- Technology Development and Deployment – The TDD specialization focuses on the development, implementation, and maintenance of systems in support of information management.
- Information Management Research - The IMR specialization focuses on conducting research which advances the state-of-the-art and state-of-the-practice in information technology and management. It prepares you for advanced study in information science doctoral programs and careers in cutting-edge corporate or entrepreneurial environments.
- Individualized Program Plan - An individualized program plan gives you the opportunity to combine technical and managerial coursework to create a program of study customized to your interests and needs.
Curation and Management of Digital Assets
Beginning in Fall 2015, the Curation and Management of Digital Assets specialization will be replaced with the newly formed Archives and Digital Curation specialization. If you have any questions, please email firstname.lastname@example.org.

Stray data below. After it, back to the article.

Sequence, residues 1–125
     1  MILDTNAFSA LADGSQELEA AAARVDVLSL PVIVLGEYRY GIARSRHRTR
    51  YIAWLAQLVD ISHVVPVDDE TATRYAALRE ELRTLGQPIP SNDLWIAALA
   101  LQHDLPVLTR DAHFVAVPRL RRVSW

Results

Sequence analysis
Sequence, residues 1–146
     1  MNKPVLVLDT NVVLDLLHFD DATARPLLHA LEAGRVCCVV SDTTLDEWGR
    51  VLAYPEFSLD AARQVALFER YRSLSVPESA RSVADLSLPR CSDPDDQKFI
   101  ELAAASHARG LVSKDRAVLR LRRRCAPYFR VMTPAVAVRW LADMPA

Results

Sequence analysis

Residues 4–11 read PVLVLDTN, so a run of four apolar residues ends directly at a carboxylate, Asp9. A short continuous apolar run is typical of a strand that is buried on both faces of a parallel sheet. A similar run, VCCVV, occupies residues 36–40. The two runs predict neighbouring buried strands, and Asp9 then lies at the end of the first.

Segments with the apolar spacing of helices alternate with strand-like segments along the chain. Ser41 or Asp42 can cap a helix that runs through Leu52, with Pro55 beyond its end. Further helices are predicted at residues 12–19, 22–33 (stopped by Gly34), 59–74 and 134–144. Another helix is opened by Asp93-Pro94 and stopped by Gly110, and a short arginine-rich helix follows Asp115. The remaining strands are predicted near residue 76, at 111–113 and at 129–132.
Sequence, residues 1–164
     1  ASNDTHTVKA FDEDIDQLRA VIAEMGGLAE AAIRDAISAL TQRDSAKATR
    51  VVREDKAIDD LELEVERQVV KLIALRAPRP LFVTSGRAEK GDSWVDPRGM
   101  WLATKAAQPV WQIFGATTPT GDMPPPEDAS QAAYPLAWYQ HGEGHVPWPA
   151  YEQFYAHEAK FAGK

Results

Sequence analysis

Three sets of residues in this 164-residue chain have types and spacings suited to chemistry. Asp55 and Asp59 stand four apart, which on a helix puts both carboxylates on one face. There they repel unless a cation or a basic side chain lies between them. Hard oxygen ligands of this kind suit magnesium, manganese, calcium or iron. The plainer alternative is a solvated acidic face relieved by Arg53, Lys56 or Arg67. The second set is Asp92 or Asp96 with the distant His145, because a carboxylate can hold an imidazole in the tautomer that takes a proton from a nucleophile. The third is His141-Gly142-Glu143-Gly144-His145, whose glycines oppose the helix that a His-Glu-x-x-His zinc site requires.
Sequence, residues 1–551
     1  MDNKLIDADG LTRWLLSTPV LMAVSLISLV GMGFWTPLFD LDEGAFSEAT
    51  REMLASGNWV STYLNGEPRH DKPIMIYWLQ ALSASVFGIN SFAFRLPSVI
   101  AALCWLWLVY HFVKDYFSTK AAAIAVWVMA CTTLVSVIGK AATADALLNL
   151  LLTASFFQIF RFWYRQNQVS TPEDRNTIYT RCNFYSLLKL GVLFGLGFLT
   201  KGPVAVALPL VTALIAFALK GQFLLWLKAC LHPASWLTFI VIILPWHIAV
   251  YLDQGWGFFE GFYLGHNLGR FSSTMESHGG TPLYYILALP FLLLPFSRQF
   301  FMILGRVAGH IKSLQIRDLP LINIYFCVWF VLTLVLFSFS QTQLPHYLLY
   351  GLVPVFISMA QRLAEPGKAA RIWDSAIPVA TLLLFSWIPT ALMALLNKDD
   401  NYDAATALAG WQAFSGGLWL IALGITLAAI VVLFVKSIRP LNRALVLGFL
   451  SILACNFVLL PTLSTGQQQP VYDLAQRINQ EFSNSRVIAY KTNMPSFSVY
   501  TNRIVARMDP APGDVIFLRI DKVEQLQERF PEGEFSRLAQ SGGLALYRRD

The Curation and Management of Digital Assets specialization focuses on skills to create, manage, and preserve access to digital assets in a variety of sectors of the economy. It prepares you for positions such as digital asset manager, digital content specialist, or director of digital curation services.
How can the MIM program be completed?
Students can take classes during the day, in the evening. Some courses are offered online. Students can also take courses on either the College Park or Universities at Shady Grove campus. There is the flexibility to alternate between part-time and full-time status, as your circumstances may require.
*Course locations and times vary in order to accommodate the needs of our students; however, some courses are only offered at specific locations and times. Therefore, students are encouraged to work closely with their advisors and to consult our Two-Year Course Plan to ensure they can complete their desired program of study in their desired location and format.
MIM tuition and fees
Tuition is billed per credit hour and determined by a student's state of residence.
Estimated tuition and fees for one academic semester (Fall or Spring semesters):
|In state||Out of state|
|Credits per semester||9*||9*|
|Total tuition & fees CP||$5,832.43||$12,096.43|
|Total tuition & fees SG||$6,069.00||$12,333.00|
* A full-time student has to be registered for at least 9 graduate level credits each acadmic semester